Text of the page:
Wednesday, September 05, 2012

Love and Duty

While I was in Santa Fe, our instructor Oliver Prezant proposed that opera is about the conflict between love and duty.  This came up in discussions about Maometto II where both Maometto and Anna are torn between their love for each other and their duty to their two countries.  In our version duty wins.  In the version with the happy ending love wins.

So is this true?  How many operas show this plot?  Of our five in Santa Fe clearly this is the plot of Tosca.  The title character is not the conflicted character.  Here it is Cavaradossi who is torn between his love for Tosca and his duty to his fellow political partisans.  In Tosca everyone loses.

In The Pearl Fishers the conflicted character is Zurga, the newly elected king of the pearl fishers, who is torn between his duty to his friend and his unrequited love for Leila.  He comes to his senses in time.

Arabella is about jealousy.  It's one of those unfortunate coincidence plots.

King Roger is about ....  There is no love plot.  I think.

La Traviata is a love vs duty plot.  Alfredo has a duty to his family which he ignores in favor of his love for Violetta.  Since the father cannot persuade his son to return to the family, he instead persuades his son's lover to turn Alfredo back to his duty.  She knows the only thing that will work is to degrade herself in his eyes.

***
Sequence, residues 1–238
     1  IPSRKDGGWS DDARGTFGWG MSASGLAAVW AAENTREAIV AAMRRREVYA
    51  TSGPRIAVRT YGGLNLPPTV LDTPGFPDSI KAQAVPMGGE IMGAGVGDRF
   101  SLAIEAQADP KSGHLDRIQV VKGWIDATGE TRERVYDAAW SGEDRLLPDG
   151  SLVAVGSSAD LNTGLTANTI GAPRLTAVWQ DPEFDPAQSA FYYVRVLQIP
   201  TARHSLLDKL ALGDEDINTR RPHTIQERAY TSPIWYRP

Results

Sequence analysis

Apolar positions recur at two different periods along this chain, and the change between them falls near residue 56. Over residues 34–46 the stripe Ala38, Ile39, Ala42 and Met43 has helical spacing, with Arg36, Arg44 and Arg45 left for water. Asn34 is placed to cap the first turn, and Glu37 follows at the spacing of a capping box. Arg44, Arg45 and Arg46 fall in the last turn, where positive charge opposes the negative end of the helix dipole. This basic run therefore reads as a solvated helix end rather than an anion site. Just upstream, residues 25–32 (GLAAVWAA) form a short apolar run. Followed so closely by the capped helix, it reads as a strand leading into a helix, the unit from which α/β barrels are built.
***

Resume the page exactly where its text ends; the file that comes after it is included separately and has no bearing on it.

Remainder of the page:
Cosi fan Tutte is about the girls' duty to their present fiancés versus their love for the new young men.  Mozart/Da Ponte say that they will always choose love.

Carmen, everyone knows, is about the conflict between Don Jose's love for the utterly fascinating Carmen and his duty to his mother and Micaëla. The right Carmen can make us forgive him.

There are at least two conflicts in Rigoletto.  Gilda experiences conflict between her duty to her father and her love for the Duke.  But it is the second conflict that brings tragedy.  Rigoletto fails in his duty to protect his daughter and gives in to his passion for revenge.  It is a unique and wonderful opera.

Nothing is more clearly one of our plots than Aida.  Radamès betrays his country for the sake of his love for Aida.  Everything else is subplot.

Werther is another opera in our category.  This time it is Charlotte who is conflicted between her duty to her promise to her mother and her love for Werther.

I like it.  It isn't the only plot, but it covers a lot of operas.

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